Gas Drops on Limited Storm Threat View: Commodities at Close

The Standard & Poor’s GSCI gauge of 24 commodities fell 0.5 percent to 670.51 4:28 p.m. in New York. The UBS Bloomberg CMCI index of 26 raw materials was little changed at 1,594.523.


Natural-gas futures fell to a two-month low in New York amid speculation that Tropical Storm Isaac won’t result in widespread production cuts in the Gulf of Mexico.

Gas slid 3.6 percent, the biggest one-day drop since Aug. 10. The National Hurricane Center forecast Isaac may become a hurricane off the west coast of Florida in about four days, according to a 2 p.m. advisory. The Gulf accounted for about 7 percent of U.S. gas production in 2011 compared with 11 percent in 2008.

Gas for September delivery dropped 10 cents to $2.702 per million British thermal units on the New York Mercantile Exchange, the lowest settlement price since June 25. The futures slid 0.6 percent this week, capping losses for a fifth straight week. Gas is down 9.6 percent this year.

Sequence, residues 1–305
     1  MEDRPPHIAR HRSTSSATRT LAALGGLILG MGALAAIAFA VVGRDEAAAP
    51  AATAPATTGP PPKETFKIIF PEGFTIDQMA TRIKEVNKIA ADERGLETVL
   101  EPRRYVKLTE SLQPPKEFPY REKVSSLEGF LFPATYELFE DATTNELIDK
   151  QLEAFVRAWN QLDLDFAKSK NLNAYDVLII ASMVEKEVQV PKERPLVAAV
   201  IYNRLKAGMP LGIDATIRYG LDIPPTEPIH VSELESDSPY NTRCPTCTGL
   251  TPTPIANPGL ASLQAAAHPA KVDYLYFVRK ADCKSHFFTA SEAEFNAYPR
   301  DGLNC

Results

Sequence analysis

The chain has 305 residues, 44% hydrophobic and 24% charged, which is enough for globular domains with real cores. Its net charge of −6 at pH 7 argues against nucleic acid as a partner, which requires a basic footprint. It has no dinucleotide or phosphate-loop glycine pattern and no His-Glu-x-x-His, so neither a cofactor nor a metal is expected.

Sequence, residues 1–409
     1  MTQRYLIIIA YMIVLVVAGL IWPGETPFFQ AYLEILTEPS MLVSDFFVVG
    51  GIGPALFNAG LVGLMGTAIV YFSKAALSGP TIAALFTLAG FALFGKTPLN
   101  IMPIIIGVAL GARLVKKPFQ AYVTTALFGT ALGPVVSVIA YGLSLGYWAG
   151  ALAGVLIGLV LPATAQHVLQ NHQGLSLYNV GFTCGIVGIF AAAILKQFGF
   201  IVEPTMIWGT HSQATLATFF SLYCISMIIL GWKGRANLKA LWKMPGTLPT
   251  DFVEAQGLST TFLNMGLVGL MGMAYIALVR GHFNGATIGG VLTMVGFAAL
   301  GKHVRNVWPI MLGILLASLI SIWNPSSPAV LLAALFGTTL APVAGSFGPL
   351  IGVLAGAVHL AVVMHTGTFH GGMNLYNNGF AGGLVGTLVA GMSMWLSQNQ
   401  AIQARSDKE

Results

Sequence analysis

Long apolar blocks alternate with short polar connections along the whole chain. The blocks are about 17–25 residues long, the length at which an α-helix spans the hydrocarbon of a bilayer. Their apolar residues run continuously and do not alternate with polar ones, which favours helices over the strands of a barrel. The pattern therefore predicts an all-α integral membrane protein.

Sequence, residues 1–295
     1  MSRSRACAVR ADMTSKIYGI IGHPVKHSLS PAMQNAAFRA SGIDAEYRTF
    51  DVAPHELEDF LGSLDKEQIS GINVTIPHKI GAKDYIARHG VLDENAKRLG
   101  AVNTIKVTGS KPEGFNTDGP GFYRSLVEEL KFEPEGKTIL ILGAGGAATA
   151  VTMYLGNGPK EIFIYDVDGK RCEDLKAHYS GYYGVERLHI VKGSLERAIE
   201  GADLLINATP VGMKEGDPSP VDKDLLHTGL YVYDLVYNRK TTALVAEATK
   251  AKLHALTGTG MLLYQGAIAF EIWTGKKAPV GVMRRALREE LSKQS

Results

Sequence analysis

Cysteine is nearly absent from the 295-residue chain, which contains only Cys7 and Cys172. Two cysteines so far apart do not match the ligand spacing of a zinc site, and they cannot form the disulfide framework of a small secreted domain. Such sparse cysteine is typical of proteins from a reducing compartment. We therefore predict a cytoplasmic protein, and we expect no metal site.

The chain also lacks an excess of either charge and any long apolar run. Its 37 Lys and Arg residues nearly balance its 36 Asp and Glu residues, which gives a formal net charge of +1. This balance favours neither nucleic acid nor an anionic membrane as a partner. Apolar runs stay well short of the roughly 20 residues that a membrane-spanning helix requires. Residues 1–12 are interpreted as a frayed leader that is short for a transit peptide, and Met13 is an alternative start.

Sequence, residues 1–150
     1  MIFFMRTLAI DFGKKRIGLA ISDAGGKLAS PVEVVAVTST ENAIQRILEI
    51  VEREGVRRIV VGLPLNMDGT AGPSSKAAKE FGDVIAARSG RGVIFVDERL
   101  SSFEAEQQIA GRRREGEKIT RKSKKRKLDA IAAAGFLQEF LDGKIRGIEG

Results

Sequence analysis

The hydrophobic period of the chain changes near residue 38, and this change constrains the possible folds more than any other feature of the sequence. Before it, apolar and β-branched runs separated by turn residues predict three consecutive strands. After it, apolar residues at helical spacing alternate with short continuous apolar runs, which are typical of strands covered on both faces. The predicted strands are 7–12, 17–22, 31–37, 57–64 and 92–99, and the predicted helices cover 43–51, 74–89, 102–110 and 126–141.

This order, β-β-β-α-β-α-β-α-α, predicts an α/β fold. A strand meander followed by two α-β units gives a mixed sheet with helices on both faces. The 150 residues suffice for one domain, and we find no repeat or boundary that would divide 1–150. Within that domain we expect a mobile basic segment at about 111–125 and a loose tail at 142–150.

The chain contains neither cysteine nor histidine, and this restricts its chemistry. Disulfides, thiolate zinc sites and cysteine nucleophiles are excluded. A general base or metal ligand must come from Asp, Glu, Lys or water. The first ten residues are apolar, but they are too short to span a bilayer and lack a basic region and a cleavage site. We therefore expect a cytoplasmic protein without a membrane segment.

Gas market: NI GASMARKET Americas natural gas: NI AGASMARKET U.K. natural gas: NI NUKMKT European natural gas: NI EGASMARKET


Oil rose for a fourth week as Tropical Storm Isaac strengthened in the Caribbean Sea on a path that may threaten crude production in the Gulf of Mexico.

Crude for October delivery slid 12 cents to settle at $96.15 a barrel on the New York Mercantile Exchange. Prices rose 14 cents this week. Oil has rallied 24 percent since this year’s closing low of $77.69 reached on June 28.

Brent oil for October settlement fell $1.42, or 1.2 percent, to end the session at $113.59 a barrel on the London-based ICE Futures Europe exchange.

Oil markets: NI OILMARKET


Gasoline fell as Brent crude weakened versus West Texas Intermediate oil and on skepticism that Tropical Storm Isaac poses an immediate threat to Gulf Coast refining.